Since my retirement, my passions are nature photography (especially bird photography), landscape photography, and travel photography.
I have traveled and photographed sites along the Lewis and Clark Trail, the Oregon Trail, the Mormon Trail, the Santa Fe Trail, and the Bozeman Trail. I have photographed Abraham Lincoln sites throughout Kentucky, Indiana, and Illinois. Most recently I have begun visiting and photographing Civil War battlefields and museums throughout the country
My bird and wildlife photography has taken me to sites throughout the state of Illinois and also to sites throughout the state of Florida.
I have participated in 50 Elderhostel / Road Scholar programs throughout the country and many of my photo galleries shows memories of those wonderful experiences.
I am a lucky man to have had a job that I loved teaching biology in high school for 33 years and now I love my travel and photography "retirement". Please enjoy my photo galleries.
Ding Darling National Wildlife Refuge on Sanibel Island in Florida is a great place to photograph birds.There is a five-mile one-way road which winds though the park providing many opportunities to photograph the birds. The road is open from 7:00 to 5:00 daily (except for Friday when it is closed). While some say that redirecting water flow in recent years has caused a decrease in bird populations, it remains an excellent place to photograph birds.
On a recent trip to Louisiana to learn more about Cajun culture, I discovered Lake Martin just east of Lafayette, Louisana. Whether driving along the lake and photographing from my car or taking one of the boat tours of the lake, there were bird photography opportunities galore. I especially enjoyed watching the white Great egrets hunting for bright red crayfish....great photos!!
Lake Woodruff National Wildlife Refuge is a well-kept secret in central Florida. Located in
DeLeon Springs, just north of Deland, Florida, it provides many bird photo opportunities. While you
cannot drive along the different cells which make up the facility, you can hike along the edge of different
sized wetlands areas. You can choose whether to take a one mile walk, a two-mile walk, or longer. Along the way you will see wading birds, shore birds, black vultures, and often osprey. You will also see gators and occasionally otters and armadillos.
Merritt Island National Wildlife Refuge has become my favorite place to photograph birds in Florida. I like
to photograph from auto whenever possible. Merritt has a number of narrow roads which allow you to slowly drive along and photograph from your auto. Blackpoint Wildlife drive is a five mile one-way road that attracts most of the tourists (but still offers excellent opportunities. BioLab Road (three miles in length) and Peacock Pocket Road (seven miles) are less known, but excellent. There are other roads and hiking trails in the park as well. It is always good to check in the Visitor Center soon after arriving to get the latest word on which roads are open and which are temporarily closed.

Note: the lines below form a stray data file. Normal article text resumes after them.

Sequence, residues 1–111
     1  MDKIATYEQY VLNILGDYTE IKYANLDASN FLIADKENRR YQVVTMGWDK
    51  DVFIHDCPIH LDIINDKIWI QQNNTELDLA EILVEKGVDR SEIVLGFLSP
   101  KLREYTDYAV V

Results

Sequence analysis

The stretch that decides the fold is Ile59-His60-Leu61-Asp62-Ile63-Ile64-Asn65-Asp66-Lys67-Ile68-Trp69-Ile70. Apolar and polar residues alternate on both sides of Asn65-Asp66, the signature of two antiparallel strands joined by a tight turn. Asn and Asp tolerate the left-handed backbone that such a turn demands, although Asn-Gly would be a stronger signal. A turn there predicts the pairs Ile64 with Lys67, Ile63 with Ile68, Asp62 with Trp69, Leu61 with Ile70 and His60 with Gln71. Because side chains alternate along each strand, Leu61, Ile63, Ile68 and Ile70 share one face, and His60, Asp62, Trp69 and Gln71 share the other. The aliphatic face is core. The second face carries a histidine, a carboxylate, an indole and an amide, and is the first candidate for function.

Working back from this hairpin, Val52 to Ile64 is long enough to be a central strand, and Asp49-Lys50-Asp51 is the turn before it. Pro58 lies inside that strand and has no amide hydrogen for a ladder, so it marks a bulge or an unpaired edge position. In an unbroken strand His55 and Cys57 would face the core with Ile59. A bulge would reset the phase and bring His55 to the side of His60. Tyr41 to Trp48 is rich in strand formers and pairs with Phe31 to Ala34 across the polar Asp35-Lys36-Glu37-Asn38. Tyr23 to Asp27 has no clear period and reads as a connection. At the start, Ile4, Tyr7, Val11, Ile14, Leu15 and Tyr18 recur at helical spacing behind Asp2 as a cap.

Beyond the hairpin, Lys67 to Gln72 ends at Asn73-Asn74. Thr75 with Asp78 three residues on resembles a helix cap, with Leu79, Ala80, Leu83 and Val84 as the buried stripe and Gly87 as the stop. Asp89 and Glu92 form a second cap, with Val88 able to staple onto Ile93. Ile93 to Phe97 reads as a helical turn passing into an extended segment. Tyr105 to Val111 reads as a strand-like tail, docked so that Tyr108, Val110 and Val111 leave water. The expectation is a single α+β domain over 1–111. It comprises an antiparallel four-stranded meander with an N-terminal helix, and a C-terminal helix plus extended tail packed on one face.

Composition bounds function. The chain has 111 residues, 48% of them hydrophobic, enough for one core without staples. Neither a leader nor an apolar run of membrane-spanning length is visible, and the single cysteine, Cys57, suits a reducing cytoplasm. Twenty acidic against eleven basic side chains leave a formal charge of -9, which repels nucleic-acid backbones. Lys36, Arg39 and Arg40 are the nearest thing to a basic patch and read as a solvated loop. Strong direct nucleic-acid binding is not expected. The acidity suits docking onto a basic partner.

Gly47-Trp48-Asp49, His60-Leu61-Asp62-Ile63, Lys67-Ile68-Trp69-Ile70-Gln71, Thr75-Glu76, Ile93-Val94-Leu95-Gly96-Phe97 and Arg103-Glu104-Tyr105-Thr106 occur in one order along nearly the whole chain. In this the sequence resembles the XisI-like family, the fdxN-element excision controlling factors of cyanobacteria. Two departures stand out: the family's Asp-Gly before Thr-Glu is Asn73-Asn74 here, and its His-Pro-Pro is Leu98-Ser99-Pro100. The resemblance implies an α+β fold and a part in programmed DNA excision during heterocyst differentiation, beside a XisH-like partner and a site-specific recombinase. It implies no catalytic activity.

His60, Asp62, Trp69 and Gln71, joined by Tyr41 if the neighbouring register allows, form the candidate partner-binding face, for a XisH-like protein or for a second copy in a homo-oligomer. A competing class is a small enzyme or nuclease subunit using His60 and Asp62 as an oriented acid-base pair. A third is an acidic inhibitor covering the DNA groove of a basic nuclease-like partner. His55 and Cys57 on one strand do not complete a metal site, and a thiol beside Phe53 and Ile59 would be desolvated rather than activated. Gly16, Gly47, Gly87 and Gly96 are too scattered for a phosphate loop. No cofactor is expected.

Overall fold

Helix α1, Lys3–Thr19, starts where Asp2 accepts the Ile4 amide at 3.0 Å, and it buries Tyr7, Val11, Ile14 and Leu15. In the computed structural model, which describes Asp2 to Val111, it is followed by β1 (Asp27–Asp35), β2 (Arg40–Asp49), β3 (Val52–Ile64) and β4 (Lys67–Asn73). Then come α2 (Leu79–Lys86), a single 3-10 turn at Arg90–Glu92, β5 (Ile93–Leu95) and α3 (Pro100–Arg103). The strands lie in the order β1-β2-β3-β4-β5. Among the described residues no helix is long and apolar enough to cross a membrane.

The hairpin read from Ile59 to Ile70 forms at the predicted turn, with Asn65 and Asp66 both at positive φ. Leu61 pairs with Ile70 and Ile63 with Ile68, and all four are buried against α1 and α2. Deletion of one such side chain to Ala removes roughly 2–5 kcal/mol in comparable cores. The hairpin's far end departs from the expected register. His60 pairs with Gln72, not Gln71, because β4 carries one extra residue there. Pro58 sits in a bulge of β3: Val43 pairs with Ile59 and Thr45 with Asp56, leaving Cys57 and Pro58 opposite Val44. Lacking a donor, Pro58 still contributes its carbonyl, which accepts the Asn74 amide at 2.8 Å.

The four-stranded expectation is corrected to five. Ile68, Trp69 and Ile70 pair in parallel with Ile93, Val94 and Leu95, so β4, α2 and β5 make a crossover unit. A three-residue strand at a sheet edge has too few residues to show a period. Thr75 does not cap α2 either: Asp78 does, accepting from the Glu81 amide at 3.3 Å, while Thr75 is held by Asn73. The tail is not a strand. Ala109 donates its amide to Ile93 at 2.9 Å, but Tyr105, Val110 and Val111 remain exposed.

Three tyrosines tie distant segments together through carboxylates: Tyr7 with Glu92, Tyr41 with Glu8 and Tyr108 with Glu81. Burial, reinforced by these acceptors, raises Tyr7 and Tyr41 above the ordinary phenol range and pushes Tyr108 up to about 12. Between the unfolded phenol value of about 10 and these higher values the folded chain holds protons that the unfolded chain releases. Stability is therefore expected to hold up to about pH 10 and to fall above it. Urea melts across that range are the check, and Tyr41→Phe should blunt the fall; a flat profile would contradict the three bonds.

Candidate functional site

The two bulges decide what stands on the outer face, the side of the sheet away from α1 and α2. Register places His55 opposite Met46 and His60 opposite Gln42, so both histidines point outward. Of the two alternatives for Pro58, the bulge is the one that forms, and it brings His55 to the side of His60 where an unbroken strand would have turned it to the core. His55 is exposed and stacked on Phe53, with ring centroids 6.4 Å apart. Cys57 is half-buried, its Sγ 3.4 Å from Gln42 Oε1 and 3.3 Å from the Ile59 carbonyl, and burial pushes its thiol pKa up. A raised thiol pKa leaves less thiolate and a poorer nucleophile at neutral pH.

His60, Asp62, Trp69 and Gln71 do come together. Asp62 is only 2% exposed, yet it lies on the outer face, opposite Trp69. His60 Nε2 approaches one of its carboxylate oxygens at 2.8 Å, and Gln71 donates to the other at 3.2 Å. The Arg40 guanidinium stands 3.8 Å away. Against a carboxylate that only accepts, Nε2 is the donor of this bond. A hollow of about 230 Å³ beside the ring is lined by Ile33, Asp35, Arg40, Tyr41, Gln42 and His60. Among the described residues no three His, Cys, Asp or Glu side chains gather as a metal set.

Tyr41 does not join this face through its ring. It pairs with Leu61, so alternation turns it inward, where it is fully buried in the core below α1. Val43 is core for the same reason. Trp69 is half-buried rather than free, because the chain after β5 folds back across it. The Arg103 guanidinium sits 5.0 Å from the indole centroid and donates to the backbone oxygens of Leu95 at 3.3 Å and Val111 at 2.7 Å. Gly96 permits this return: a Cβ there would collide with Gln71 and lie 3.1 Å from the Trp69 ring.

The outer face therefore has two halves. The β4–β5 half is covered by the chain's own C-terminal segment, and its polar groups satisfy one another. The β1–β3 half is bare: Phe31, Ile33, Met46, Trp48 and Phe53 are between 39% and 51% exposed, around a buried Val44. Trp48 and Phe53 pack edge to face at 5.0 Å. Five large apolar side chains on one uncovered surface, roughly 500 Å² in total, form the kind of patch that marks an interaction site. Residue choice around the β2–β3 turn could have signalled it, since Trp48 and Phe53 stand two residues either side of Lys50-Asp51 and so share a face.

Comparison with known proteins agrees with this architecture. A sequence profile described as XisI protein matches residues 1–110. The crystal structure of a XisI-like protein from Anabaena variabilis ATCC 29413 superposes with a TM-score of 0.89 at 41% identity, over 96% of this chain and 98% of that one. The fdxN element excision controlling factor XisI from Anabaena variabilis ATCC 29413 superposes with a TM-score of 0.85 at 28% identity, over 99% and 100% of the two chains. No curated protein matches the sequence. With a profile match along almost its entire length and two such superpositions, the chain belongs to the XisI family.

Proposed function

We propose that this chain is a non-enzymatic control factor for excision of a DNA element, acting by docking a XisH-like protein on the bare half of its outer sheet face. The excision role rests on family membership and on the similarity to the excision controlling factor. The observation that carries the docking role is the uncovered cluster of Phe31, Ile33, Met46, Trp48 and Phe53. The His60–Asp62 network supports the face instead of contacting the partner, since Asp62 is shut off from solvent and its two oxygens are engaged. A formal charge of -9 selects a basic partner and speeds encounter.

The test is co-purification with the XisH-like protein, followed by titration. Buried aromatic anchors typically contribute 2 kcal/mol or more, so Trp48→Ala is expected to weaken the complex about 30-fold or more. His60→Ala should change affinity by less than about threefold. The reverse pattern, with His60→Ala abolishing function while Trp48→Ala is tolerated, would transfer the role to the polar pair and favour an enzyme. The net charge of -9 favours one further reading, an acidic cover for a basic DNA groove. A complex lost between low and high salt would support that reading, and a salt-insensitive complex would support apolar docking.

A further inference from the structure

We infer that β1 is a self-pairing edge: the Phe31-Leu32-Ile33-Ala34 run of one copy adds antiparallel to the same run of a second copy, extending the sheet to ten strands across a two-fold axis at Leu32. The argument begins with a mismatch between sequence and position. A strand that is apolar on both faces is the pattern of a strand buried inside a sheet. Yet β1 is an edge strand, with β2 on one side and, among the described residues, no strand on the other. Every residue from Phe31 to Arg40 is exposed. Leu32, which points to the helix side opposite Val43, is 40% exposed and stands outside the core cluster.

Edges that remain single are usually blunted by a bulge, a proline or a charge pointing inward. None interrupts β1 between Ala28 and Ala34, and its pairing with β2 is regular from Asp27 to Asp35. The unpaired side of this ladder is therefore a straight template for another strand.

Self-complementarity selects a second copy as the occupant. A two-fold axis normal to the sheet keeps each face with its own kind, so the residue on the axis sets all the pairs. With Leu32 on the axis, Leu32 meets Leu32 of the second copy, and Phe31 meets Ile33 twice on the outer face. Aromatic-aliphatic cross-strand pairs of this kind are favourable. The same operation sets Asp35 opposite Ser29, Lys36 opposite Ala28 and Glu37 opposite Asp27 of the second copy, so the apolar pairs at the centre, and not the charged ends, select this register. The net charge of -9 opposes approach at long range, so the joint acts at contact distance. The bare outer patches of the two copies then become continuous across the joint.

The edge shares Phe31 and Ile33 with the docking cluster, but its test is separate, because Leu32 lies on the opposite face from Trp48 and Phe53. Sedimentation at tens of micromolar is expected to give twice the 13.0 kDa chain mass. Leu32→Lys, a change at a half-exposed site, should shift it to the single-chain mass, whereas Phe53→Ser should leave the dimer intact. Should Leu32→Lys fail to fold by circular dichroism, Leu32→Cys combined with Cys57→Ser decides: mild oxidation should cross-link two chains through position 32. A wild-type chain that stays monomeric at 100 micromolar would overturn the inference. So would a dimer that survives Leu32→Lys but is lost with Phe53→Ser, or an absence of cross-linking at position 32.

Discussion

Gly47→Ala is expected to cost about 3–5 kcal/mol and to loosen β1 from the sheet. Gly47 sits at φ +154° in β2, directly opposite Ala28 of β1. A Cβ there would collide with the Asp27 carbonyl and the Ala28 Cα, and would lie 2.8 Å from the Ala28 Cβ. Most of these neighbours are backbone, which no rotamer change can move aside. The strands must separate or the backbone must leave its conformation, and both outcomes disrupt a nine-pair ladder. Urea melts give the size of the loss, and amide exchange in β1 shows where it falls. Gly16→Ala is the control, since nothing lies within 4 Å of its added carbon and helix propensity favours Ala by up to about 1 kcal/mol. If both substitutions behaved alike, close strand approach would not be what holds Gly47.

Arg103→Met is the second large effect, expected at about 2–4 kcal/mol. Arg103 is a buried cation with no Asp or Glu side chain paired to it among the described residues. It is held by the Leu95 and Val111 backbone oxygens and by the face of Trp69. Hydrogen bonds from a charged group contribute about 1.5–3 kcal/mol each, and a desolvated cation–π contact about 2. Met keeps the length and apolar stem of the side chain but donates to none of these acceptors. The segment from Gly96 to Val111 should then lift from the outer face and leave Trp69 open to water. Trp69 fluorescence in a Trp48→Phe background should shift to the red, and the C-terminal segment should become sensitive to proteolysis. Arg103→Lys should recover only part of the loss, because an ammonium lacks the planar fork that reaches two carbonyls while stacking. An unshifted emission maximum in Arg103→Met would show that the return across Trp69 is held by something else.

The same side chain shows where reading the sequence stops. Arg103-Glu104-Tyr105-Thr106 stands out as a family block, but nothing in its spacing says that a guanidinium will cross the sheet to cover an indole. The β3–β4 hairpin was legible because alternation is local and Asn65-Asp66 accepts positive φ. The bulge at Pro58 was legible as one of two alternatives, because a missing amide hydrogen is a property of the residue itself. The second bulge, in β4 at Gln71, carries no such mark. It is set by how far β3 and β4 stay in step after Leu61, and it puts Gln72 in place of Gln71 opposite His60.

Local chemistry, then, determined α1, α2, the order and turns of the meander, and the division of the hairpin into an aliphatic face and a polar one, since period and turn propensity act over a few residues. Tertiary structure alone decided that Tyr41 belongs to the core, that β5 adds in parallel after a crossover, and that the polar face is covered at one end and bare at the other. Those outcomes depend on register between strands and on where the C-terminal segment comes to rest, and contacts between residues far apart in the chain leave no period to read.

Browse All Photos slide show
Two other sites I often visit are the Venice Rookery in Venice, Florida and the Blue Heron Water Reclamation Center in Titusville. In Venice there is a park with a small lake; in the center of the lake is a small island.
Great blue herons and anhingas use the shrubs and bushes on the island for nesting purposes. The island
is close enough to allow wonder photos of the nesting birds and bird photographers flock to the area.
Blue Heron Water Reclamation site is located near the junction of route 50 and Interstate 90 in Titusville.
It consists of six large settling ponds. You are welcome drive your car atop the outside berms that forms these ponds. When looking down into the ponds you can photograph from your car.
The Everglades offer opportunites for bird photography. One entrance to the park is the Shark River entrance off of Tamiami Trail (Route 41). This entrance offers a 15 mile round trip tram ride to an observation tower which gives a great overview of the Everglades. Along the journey the guides provide a great history of the Everglades and pause often when photographic opportunites present themselves.
The second entrance to the Everglades is near Florida City. Passing through the entrance puts you onto Flamingo Road which is a 37 miles road that winds through the park to the small community of Flamingo on Florida Bay. Along the trip are a number of pull offs where you can look for photographic opportunities. May favorite place to photograph in the Everglades is along Anhinga Trail at the Royal Palm Visitor Center. This half-mile path runs along a canal and the onto a boardwalk which takes you out among the Everglades denizens.
The St. Augustine Alligator Farm has 22 different specimens of Crocodilians in their collection. For bird photographers the primary attraction is the Rookery Walk. This region of the park provides a boardwalk which takes you over an alligator-infested wetlands. From March - June native birds come into the area to find a mate and build nests. Great egrets, snowy egrets, cattle egrets, tricolor herons, wood storks and occasionally spoonbills build their nests in trees and shrubbery along the walkway providing unbelievable access for photographers.
© Donald E. Chamberlain